28/01/2020 Briefing

The HRCDC had refused to grant a consent declaration in respect of a proposed research project relating to the use of a biobank. On appeal, the Appeal Panel granted a conditional consent declaration, meaning that the project could be conducted without the explicit consent of the data subjects whose samples comprised the biobank, but subject to compliance with a number of conditions.

As we have outlined in our previous briefings (available here and here), the Health Research Regulations have substantially altered how and when health research can be conducted in Ireland. In general, data controllers must obtain the explicit consent of participants/patients for the processing of their personal data for the purposes of health research before the health research commences.

Nevertheless , the organisation conducting the research that acts as the data controller can apply to the HRCDC for a declaration that the explicit consent of data subjects is not required, where the public interest in conducting the health research “significantly outweighs” the public interest in obtaining their explicit consent.

In this briefing, we consider the consent declaration application process, and the process for appealing a decision of the HRCDC.

Applying for a Consent Declaration

The transition period for applying for a consent declaration for research that commenced prior to 8 August 2018 has now expired. Data controllers can only apply for declarations for new research (i.e. research that commenced on or after 8 August 2018).

Before making an application, a data controller must demonstrate compliance with a range of measures, including the conduct of a data protection impact assessment and the procurement of approval from a research ethics committee.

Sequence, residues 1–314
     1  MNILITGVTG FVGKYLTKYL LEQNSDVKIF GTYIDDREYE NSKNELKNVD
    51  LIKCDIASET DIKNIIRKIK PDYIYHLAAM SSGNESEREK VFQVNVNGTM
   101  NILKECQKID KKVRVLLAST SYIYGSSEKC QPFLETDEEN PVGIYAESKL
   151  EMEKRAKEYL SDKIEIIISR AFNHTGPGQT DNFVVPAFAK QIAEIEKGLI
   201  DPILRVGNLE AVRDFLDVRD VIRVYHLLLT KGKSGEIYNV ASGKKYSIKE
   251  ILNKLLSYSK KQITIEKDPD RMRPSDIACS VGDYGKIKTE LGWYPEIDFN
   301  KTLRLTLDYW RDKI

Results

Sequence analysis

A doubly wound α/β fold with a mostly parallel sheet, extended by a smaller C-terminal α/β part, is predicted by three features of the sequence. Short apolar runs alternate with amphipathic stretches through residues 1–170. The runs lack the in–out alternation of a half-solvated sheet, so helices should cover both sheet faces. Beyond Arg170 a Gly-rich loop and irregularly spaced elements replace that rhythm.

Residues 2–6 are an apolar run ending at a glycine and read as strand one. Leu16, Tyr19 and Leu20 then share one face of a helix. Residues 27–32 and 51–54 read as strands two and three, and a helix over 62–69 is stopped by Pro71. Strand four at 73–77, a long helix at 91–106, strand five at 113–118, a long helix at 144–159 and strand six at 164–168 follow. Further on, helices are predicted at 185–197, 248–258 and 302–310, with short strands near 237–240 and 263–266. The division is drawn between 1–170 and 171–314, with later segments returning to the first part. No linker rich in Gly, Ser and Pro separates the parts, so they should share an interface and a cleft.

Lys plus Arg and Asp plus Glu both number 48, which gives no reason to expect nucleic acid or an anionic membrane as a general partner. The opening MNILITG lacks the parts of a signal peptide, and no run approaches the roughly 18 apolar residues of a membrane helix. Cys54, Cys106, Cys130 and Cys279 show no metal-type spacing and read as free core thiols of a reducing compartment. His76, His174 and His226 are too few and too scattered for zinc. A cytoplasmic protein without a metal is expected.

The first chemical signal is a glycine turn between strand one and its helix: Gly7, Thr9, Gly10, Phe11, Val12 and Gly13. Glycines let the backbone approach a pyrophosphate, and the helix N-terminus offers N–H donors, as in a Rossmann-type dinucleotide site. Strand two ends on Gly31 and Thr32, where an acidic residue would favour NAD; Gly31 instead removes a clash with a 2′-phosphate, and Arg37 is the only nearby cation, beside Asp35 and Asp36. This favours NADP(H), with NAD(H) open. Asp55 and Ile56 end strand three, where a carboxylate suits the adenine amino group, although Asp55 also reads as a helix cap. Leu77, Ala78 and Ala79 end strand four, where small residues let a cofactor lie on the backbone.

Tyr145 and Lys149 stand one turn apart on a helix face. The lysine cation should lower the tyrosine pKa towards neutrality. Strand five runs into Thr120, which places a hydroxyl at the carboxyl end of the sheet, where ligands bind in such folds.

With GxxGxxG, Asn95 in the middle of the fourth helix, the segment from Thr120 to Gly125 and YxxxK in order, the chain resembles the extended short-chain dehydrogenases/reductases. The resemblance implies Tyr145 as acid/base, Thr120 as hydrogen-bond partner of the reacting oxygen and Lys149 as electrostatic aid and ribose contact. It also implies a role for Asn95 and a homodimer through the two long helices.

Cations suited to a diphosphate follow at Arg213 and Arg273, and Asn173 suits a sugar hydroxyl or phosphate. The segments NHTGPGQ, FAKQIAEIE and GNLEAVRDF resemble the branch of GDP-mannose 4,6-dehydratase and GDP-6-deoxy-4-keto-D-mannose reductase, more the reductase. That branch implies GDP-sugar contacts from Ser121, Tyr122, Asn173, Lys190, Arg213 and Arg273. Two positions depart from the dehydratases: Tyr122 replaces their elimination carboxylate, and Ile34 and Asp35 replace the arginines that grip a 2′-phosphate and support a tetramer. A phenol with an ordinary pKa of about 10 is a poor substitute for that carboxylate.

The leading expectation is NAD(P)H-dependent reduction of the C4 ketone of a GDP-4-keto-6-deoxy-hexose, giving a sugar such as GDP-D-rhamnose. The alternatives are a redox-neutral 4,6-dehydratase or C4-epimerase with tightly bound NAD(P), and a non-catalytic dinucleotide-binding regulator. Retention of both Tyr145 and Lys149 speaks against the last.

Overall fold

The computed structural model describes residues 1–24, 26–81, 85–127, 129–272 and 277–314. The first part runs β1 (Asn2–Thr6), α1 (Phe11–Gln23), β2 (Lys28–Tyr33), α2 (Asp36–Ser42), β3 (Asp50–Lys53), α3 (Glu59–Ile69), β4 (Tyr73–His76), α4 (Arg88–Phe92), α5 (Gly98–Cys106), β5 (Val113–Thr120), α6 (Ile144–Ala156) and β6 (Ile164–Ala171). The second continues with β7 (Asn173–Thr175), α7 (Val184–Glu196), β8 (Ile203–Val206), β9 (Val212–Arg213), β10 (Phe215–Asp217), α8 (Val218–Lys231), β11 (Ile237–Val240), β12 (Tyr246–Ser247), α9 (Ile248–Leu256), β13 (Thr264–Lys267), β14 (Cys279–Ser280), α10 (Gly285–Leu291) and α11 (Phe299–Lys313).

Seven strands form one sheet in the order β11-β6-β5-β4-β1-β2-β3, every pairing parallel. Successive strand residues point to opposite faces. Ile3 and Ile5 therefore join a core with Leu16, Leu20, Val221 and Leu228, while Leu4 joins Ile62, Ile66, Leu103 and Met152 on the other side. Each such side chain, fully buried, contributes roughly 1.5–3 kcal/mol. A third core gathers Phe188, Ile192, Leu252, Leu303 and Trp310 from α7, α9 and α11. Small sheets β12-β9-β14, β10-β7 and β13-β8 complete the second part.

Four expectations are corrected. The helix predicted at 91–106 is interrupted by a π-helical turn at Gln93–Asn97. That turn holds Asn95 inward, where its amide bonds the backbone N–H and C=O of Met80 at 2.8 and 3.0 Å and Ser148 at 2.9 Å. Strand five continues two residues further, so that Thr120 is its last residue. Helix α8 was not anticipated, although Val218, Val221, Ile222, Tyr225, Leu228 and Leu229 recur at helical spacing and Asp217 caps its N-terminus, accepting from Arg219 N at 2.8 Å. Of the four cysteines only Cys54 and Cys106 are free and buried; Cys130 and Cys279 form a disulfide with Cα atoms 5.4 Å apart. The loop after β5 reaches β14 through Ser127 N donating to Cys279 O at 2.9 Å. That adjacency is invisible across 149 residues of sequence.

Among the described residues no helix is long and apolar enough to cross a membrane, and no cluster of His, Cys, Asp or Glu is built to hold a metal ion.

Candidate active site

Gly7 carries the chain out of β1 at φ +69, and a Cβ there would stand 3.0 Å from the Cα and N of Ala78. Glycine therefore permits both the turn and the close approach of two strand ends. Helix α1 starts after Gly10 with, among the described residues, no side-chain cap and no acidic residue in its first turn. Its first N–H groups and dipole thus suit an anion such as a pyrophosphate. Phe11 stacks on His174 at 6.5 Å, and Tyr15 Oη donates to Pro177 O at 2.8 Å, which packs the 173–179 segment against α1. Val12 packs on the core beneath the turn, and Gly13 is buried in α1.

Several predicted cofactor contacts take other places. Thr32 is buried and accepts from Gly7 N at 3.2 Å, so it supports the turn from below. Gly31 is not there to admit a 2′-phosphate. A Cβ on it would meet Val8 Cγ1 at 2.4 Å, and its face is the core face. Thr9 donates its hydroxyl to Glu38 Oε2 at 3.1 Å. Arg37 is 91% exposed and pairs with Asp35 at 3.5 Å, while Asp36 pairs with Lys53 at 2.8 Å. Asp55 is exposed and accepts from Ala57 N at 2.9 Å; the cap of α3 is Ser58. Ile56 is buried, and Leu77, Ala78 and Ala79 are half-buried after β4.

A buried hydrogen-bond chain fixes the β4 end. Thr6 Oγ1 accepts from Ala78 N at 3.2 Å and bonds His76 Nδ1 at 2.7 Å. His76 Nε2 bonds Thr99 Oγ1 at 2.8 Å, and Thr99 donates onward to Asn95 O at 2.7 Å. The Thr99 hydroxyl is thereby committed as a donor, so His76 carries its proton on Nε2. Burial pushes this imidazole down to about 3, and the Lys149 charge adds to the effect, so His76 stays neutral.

The HRCDC must consider the application “as soon as practicable” following receipt of it, and it may consult as appropriate and request further information from the applicant.

Before granting a declaration, the HRCDC must be satisfied that the requirements as set out in the Regulations have been met, and that the public interest in carrying out the research significantly outweighs the public interest in requiring the explicit consent of the data subject.

Appealing a Decision of the HRCDC

The Regulations provide that, where the HRCDC refuses to make a declaration, attaches conditions to a declaration, or revokes a declaration for non-compliance with a condition, the applicant can appeal the decision to the Minister for Health. The Minister will then establish the independent appeal panel.

Approach of the Appeal Panel

  • Procedure – the Appeal Panel does not have the power to send the decision back to the HRCDC, and any appeal is heard as a new hearing.
  • Burden of Proof – the burden of proof rests on the applicant adducing sufficient evidence to justify dispensing with consent. The evidence must show the public interest in the health research “significantly outweighs” the public interest in obtaining explicit consent.
  • Obtaining Consent – Although it is appropriate to consider whether it is “impossible or impracticable” to obtain the consent of data subjects in weighing up the public interest (i.e. the easier it is to obtain consent the weaker the interest in proceeding without obtaining it), the applicant is not required to demonstrate that it is in fact impossible or impracticable to obtain consent in order to receive a consent declaration.
  • Three further points in relation to the applicable test are notable:
    • Applicants are not required by the Regulations to demonstrate patient and public involvement, but evidence of positive engagement may assist in demonstrating that the public interest test has been met.
    • The HRCDC may have regard to any “ethical issues” which are identified by the Regulations as issues “which form the basis of consideration for ethical approval by a research ethics committee,” even though a research ethics committee may have already evaluated those points in granting approval for the research.
    • In some cases, the HRCDC may consider it appropriate to impose a time limit as a condition on the grant of a consent declaration.

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